As Americans, we have much to be thankful for. Yes, it may be a trite sentiment, but it's still true. We need to acknowledge, individually and as a nation, our blessings; and for those of us who are religious, it goes without saying that this implies acknowledging how deeply we are beholden to the Creator.
I will argue here that thanksgiving is not merely a fair sentiment, nor even solely a spiritual experience; it is a moral duty. This is because our good fortune places a moral burden on us. If we have wealth, then we have the duty to spend it wisely and to donate to charity. If we have power, then we have the duty to use it in the service of justice. If we have freedom, then we have the duty to learn about the plight of those living under tyranny - to ask the questions they themselves are forbidden to ask - and to work to set them free.
If freedom brings responsibility, does oppression - or victimhood - bring absolution from responsibilty? No. If we lack the freedom to act, then we must learn from our experience and resolve to right such wrongs as we have endured as soon as we have the chance. My Islamic teacher, Imam Mamadou Toure, explained it this way: "Every person has a duty to fight oppression. If they are experiencing oppression, they have a duty to fight for freedom. If this is not possible - for example, if the person's family is threatened - then, at a very minimum, the person has a duty to hate the oppression in their heart, and to fight it when they do have the chance."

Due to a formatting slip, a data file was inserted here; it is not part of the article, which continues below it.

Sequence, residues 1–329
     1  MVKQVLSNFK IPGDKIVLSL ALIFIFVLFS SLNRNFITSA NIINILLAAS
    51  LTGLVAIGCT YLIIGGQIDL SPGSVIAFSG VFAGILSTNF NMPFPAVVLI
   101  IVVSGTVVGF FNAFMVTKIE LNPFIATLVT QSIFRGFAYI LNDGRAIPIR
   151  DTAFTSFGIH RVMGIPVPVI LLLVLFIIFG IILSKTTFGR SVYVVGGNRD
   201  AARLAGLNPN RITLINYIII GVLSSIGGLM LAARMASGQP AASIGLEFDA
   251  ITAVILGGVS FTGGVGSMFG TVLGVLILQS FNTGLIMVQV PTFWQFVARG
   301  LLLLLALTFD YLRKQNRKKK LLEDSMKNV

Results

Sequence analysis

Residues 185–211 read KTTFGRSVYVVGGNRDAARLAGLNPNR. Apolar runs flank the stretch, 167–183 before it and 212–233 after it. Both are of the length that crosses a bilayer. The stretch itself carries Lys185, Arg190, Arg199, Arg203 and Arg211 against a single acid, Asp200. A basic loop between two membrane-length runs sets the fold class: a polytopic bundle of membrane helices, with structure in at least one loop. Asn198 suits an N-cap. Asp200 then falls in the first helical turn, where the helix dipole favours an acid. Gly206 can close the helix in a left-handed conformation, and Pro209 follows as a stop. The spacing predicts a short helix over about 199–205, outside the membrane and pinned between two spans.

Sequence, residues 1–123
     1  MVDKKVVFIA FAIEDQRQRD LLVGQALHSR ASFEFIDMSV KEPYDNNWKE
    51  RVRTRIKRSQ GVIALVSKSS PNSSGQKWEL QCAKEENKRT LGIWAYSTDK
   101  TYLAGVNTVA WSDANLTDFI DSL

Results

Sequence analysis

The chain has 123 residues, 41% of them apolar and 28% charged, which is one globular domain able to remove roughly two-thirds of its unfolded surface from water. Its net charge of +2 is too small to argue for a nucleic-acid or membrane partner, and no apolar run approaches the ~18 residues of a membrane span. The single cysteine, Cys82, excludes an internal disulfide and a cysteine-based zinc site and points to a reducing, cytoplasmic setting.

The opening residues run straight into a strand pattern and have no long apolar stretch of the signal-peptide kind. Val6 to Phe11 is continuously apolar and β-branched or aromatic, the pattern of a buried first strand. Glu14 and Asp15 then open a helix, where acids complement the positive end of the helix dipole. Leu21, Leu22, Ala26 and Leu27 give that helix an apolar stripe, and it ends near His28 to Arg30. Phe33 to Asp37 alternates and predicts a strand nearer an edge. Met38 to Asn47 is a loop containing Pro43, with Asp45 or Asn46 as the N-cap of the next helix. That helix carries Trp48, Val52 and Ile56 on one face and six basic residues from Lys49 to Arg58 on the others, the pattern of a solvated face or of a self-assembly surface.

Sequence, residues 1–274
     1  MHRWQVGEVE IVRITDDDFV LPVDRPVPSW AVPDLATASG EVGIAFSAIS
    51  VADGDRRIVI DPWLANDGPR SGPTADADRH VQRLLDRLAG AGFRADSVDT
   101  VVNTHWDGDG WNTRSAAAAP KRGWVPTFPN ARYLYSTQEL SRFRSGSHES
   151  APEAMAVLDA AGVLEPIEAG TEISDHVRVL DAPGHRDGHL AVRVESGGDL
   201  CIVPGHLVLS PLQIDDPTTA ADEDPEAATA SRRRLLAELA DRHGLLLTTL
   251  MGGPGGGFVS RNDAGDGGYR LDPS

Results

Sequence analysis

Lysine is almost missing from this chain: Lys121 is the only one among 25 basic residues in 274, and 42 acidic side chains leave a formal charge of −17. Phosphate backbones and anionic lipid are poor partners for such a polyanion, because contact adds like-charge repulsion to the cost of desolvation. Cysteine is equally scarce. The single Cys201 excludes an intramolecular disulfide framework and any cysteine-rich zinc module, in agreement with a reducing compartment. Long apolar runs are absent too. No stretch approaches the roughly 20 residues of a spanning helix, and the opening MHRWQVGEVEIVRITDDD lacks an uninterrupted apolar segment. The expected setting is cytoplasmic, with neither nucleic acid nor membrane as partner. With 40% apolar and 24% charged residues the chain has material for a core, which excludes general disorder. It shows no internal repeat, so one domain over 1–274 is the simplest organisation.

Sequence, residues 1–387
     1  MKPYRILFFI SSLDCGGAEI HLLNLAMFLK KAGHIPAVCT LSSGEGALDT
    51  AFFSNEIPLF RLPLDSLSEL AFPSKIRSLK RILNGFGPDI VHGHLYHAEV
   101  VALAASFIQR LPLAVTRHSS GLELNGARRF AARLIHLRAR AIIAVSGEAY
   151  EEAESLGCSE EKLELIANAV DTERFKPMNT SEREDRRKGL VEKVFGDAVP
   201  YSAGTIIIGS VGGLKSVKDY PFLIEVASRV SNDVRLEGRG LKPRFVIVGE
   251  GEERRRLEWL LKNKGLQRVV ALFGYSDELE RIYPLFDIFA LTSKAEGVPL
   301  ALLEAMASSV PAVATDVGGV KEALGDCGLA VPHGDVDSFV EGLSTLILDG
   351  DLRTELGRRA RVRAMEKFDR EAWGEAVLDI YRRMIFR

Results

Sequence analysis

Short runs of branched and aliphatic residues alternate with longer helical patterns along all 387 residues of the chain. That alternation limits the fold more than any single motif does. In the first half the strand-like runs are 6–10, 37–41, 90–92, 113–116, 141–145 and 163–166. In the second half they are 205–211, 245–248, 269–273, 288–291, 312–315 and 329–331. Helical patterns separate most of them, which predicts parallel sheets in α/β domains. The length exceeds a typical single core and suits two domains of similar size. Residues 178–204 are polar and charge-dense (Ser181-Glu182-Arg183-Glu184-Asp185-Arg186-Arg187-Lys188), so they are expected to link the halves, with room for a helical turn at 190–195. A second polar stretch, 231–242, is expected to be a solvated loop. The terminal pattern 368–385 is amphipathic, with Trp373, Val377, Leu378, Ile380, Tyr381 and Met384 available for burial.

Jason Holliston has an excellent post on the subject of victimhood. The victim mentality is the greatest enemy of dignity, of responsibility, and ultimately of freedom.
We are often tempted to believe that "suffering ennobles". It does not. As liberals, we are sometimes taught that "oppressed people understand the suffering of others". This is a dangerous myth. To be dealt with cruelly by others is not, in and of itself, either uplifting or enlightening; it is an opportunity to understand the pain of injustice, but it is no more than that. How we grow from our experiences, whether pleasant or painful, is our choice as individuals - and our responsibilty.
The Torah teaches this principle unequivocally:
"You shall not wrong a stranger or oppress him, for you were strangers in the land of Egypt." - Exodus 22:29
"You shall not render an unfair decision: do not favor the poor, nor show deference to the rich..." - Leviticus 19:15
"You shall not subvert the rights of the stranger ... Remember that you were a slave in Egypt and that the Lord your God redeemed you from there; therefore do I enjoin you to observe this commandment." - Deuteronomy 24:17-18
On this Thanksgiving holiday, let us remember our blessings and acknowledge them; let us also give thanks for the moral burden they place on us. For that, too, is a blessing.
Biblical quotes are from the Jewish Publication Society translation.
Postscript: Please read this recent post by the Ten O'clock Scholar.